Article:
It takes plenty of chutzpah to tell an audience made up of American and Israeli political insiders and diplomats who have devoted their careers to promoting a two-state solution that they know nothing about how the Middle East works.
But that is pretty much what Israel’s rising right-wing star Naftali Bennett did on Saturday night.
Speaking to participants at the annual Saban Forum, which brings together top Israeli and American policymakers and public opinion leaders, Israel’s minister of economy and leader of Habayit Hayehudi, Bennett pulled no punches, taking aim at what he dubbed as the “peace industry” for making Israel look bad.
“We have to undo the years of nonsense that the peace industry has fermented, which led us to the position where the world thinks we are occupiers in our own land,” Bennett said.
Sitting next to Bennett on the stage at the Willard Hotel conference room was Martin Indyk, until recently the Obama administration’s special peace envoy, who was tasked with interviewing Bennett. But as the Israeli minister laid out his worldview, including dismissal of the two-state solution, Indyk, who initially sought only to point out what he saw as “inconsistencies” in Bennett’s plan, grew visibly impatient.
“I just think you live in another reality,” he told the Israeli speaker.
“I live in another reality?” Bennet shot back, “I’ve been in the first intifada, the second intifada, I’ve been on ground there. I know more than Oslo and more than all those conferences …. You live in a different reality.”
Then, escalating the already contentious discussion Bennett turned to Indyk and asked: “How many people need to die before you wake up?”
“Israel has a problem, and I as a Jew who cares about Israel care about that,” Indyk tried again, leading Bennett to respond: “And of course you know better than the Israeli public.” At this point, one could not miss the gasps of some in the audience.
“People at conferences,” Bennett went on, addressing the conference, “are not smarter than people in Ashkelon who get thousands of missiles on them.”
At the crux of the debate, beyond the Israeli minister’s obvious disdain for those involved in the peace process, was Bennett’s plan to move away from a two-state solution, which he views as unachievable, and to annex up to 60% of the West Bank to Israel, while investing in infrastructure in the remaining Palestinian territories. “It is doable,” he argued. “The reality is that the solution we have dealt with in the past 30 years is not working.”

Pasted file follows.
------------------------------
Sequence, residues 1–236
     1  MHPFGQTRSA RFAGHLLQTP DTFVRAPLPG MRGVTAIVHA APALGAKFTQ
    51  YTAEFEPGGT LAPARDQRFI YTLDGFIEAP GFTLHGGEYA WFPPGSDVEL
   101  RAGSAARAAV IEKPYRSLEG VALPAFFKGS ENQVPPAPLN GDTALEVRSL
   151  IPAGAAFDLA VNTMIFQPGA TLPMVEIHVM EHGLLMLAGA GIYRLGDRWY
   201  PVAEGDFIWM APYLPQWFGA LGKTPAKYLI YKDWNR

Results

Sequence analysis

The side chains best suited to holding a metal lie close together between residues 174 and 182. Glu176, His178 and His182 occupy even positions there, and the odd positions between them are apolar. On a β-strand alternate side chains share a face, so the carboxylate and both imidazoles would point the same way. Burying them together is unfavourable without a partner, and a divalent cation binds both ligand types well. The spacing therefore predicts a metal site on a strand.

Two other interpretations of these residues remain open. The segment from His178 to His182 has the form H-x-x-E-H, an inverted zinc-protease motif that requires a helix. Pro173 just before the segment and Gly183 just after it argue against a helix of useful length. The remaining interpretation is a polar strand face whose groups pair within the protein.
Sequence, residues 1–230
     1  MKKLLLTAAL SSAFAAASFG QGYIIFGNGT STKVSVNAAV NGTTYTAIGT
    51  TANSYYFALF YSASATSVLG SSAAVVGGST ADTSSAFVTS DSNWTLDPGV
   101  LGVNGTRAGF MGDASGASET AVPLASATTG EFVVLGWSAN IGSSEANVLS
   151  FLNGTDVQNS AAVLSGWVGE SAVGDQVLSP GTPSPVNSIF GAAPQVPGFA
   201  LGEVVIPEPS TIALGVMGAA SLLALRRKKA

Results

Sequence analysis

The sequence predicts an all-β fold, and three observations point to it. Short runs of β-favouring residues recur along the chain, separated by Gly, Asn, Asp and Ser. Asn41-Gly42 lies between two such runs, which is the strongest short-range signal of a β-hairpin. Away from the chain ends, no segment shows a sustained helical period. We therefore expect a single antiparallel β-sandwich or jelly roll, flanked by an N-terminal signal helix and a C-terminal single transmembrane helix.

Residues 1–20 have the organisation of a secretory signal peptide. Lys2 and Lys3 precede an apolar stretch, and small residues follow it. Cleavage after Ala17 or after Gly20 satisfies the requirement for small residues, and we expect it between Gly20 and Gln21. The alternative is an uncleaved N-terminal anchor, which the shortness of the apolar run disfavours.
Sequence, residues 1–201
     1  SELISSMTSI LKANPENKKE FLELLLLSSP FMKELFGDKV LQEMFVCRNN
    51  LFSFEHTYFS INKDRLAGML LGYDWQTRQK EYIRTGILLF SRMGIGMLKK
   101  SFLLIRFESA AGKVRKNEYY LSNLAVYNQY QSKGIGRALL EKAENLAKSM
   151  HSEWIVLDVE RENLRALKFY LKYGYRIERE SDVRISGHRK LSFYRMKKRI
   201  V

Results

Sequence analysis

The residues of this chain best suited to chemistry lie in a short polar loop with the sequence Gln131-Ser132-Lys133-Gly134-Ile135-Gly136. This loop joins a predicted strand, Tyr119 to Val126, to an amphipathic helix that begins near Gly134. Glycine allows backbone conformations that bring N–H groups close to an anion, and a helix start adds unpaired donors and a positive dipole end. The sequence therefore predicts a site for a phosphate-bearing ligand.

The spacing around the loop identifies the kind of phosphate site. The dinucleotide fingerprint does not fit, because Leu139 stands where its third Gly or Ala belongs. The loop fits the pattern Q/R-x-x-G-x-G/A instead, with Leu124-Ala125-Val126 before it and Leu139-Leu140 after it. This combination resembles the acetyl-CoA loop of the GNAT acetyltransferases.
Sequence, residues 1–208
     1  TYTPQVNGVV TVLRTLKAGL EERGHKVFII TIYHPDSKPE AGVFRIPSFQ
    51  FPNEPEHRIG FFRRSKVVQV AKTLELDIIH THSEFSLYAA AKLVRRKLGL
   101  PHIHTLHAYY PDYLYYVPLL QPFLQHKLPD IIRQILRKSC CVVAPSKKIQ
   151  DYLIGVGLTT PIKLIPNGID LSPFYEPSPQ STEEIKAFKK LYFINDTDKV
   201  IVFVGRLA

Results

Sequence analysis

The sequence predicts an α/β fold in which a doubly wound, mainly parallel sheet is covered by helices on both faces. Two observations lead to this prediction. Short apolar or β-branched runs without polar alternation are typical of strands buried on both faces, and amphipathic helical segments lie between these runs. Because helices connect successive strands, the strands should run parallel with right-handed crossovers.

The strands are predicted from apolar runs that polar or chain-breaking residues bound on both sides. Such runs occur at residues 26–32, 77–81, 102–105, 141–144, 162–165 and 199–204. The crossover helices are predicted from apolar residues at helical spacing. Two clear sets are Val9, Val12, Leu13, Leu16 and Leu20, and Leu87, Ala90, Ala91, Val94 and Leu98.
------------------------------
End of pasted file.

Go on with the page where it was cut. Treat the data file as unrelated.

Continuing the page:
On a deeper level, Bennett believes his plan, which he admits is not a solution but rather a practical measure, could change the Middle East narrative, moving Israel away from being viewed as the occupier of Palestinian lands.
“There’s a process of changing the global view of what’s going on here,” he said, later explaining that “not always is the world right.”
Indyk, a veteran diplomat who has spent most his life working on the peace process from within the administration and outside, gently tried to inquire how Bennett’s plan, which effectively does away with the two-state solution, could possibly lead to any result other than complete isolation of Israel and loss of the support from its closest allies and partners.
“I would come to our friends, to the president and say: listen, we don’t agree,” Bennett replied. “You think we need to give up our land to the ‘67 lines, plus minus, swap it, I don’t. My people don’t. We think that would be tantamount to national suicide.”
Walking out of the conference room, after almost 90 minutes of this testy debate, American participants at the Saban Forum seemed at a loss at the positions presented by Bennett, who according to public opinion polls could likely emerge as leader of the second largest party after Israel’s March 17 elections.
Israeli observers, however, had a different take.
“He did exactly what he had come to do,” said one Israeli columnist in a hallway discussion following the speech, “he showed his supporters in Israel that he isn’t afraid of the Americans.”
Contact Nathan Guttman at firstname.lastname@example.org or @nathanguttman
Nathan Guttman, staff writer, was the Forward’s Washington bureau chief. He joined the staff in 2006 after serving for five years as Washington correspondent for the Israeli dailies Haaretz and The Jerusalem Post. In Israel, he was the features editor for Ha’aretz and chief editor of Channel 1 TV evening news. He was born in Canada and grew up in Israel. He is a graduate of the Hebrew University of Jerusalem.